It’s a solution only a politician would love.
New Jersey doesn’t have a state song. It is, in fact, the only state without one. But state legislators haven’t been able to settle on one. Now, reportedly, they want to have five.
In other words, instead of having just one song that’s officially recognized but of no particular interest to the general public, they want to have five, and make — well, not everybody, but at least the writers of those five songs — happy.
Actually, this all seems to be about making one guy happy: 92-year-old Phillipsburg resident Red Mascara, who has been trying for 50 years or so to get his song, “I’m From New Jersey,” recognized as the state song. A documentary about his campaign to make the song the state song is in the works. (For an excerpt from the song, go to the 2:50 mark in this video):
Mascara seems like a sincere, likable guy. The problem is, the song isn’t that great. It sounds more like a 1950s high school pep-rally anthem than anything else: “I’m from New Jersey and I’m proud about it, I love the Garden State/I’m from New Jersey, and I want to shout it, I think it’s simply great.”
Thus, the need for the other songs. So, according to a bill that has actually been written and proposed by legislators in our state, who we are paying to do such monumental things, “I’m From New Jersey” would be the state song, while “New Jersey My Home” by Patrick Finley, would be the state anthem; “In New Jersey,” with music by Terre McPheeters and lyrics inspired by a group of Bridgewater fourth-graders, would be the state children’s song; “New Jersey, U.S.A,” by Nelson Trout, would be the state ballad; and “Be Proud to be in New Jersey,” by Mark and Ellen Winter, would by the state popular song.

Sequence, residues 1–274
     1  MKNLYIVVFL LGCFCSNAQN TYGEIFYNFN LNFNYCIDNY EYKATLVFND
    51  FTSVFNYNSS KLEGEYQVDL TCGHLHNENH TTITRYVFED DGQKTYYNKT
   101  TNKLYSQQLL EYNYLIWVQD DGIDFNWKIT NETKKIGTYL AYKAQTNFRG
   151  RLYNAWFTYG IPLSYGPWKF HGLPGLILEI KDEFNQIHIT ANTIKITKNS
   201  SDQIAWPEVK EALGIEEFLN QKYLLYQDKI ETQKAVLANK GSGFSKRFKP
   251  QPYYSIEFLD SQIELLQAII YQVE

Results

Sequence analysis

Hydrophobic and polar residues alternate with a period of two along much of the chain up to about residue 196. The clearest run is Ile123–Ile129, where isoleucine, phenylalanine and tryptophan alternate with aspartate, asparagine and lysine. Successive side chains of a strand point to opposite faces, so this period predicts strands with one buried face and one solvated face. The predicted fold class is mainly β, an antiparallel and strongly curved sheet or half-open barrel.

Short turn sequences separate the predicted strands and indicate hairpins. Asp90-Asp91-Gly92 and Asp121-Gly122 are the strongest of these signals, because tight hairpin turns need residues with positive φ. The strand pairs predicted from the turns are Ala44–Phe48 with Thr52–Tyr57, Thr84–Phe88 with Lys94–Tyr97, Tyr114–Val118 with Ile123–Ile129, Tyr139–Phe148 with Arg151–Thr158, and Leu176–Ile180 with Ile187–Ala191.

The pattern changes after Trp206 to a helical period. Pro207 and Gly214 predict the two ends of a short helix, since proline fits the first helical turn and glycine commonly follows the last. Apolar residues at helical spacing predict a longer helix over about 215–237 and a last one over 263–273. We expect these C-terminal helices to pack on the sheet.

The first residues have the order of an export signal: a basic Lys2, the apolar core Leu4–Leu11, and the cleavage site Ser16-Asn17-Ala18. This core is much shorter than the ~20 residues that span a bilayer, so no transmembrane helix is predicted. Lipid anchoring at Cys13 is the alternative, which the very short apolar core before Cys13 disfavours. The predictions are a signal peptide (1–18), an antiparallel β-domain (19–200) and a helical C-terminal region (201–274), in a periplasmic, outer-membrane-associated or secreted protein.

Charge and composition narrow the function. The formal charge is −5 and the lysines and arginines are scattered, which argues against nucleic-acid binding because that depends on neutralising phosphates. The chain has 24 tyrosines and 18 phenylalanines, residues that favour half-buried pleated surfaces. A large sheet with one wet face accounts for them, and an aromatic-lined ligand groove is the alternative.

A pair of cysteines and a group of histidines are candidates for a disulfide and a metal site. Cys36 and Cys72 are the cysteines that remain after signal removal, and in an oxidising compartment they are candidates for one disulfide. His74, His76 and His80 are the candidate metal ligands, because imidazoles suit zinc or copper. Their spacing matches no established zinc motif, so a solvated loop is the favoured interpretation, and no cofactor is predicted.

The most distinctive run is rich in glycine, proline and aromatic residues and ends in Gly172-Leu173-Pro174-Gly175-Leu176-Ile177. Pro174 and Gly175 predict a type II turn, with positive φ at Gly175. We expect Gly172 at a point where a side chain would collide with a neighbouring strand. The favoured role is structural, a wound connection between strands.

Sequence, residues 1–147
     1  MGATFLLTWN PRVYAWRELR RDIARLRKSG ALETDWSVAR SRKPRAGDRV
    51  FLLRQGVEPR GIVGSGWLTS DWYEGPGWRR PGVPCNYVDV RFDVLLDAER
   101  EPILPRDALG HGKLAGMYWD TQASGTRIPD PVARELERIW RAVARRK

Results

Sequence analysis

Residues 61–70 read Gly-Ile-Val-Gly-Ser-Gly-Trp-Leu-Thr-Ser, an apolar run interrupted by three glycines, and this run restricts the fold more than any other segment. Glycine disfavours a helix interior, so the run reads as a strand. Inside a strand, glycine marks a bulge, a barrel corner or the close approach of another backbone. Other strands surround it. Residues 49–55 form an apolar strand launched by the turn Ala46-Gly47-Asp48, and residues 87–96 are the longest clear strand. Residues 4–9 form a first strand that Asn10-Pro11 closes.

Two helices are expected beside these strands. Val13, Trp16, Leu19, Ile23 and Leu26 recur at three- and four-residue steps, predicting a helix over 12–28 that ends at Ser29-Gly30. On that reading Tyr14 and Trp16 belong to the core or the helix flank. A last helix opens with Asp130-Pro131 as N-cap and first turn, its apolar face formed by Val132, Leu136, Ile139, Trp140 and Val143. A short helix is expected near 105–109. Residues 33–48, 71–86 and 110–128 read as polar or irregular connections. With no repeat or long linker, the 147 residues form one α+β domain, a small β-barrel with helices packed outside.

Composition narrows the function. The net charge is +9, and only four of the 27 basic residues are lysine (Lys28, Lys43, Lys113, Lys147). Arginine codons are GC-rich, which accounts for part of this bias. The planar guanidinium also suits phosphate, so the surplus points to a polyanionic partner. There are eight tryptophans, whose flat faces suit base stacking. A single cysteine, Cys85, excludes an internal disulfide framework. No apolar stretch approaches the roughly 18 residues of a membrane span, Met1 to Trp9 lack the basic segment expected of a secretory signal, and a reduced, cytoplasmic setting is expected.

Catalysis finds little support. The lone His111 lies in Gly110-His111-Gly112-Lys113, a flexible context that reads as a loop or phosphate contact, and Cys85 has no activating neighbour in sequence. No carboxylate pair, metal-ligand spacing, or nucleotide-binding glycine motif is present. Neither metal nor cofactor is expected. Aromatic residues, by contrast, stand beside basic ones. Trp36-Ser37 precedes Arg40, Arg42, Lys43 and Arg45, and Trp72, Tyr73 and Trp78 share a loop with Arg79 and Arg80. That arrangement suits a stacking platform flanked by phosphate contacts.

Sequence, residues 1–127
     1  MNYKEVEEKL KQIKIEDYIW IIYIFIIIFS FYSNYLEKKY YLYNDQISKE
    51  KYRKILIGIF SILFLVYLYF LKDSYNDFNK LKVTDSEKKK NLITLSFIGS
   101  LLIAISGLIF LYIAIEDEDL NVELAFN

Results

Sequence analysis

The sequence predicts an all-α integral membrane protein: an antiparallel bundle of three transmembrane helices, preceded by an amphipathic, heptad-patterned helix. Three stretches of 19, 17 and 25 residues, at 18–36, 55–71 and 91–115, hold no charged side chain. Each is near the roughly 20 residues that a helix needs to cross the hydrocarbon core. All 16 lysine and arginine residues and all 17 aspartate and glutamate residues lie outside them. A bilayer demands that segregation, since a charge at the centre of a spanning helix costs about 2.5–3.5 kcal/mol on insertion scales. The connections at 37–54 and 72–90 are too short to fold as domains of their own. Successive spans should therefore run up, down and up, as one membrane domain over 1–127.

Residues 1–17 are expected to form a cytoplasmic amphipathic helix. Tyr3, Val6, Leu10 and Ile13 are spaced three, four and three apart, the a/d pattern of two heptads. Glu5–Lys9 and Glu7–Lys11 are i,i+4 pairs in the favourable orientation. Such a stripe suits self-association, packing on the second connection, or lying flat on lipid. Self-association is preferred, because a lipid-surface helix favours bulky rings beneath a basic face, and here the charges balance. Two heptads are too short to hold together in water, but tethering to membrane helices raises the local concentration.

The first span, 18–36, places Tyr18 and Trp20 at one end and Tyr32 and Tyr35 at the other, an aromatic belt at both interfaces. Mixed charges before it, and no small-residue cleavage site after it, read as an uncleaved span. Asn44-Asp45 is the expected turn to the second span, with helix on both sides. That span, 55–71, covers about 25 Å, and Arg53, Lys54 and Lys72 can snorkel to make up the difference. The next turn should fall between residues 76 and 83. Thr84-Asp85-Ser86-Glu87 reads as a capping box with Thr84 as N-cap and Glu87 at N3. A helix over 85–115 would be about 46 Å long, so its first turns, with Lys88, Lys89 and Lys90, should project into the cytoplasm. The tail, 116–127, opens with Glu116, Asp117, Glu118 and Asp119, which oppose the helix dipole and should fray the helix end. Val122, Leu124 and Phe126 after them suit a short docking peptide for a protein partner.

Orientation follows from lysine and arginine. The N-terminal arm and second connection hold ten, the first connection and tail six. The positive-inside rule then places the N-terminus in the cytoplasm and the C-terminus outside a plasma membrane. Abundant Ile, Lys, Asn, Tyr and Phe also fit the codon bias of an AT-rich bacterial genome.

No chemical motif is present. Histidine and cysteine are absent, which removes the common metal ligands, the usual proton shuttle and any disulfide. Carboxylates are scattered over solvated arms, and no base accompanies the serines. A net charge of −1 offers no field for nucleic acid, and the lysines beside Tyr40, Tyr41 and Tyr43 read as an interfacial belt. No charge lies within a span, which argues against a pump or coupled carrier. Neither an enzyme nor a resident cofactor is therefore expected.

(This kind of thing isn’t exactly unprecedented. Massachusetts doesn’t just have a state anthem, but also a state folk song, a state ceremonial march, a state patriotic song, a state glee club song and a state polka.)
Here are videos for two of the other proposed honorees. I think you’ll be able to figure out, pretty quickly, why there’s no groundswell of support for any particular one.
So, here’s my suggestion. Make Tom Waits’ “Jersey Girl” (popularized by Bruce Springsteen) the state song. Lots of people already know and love it. Yes, it would be an unconventional choice, given that most state songs are bland, cheerful anthems, but we’re an unconventional state, right?
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Jay, kudos for writing exactly what I thought when I read the lyrics to the five proposed state songs in the morning paper: None of them, especially the treacly, badly-rhymed Red Mascara song, could be sung without cringing. Although I can’t imagine “got no time for the corner boys” being recited in public-school classrooms, I have to think that a competition, attracting talented professional songwriters, would produce something subtle, powerful, and inspiring.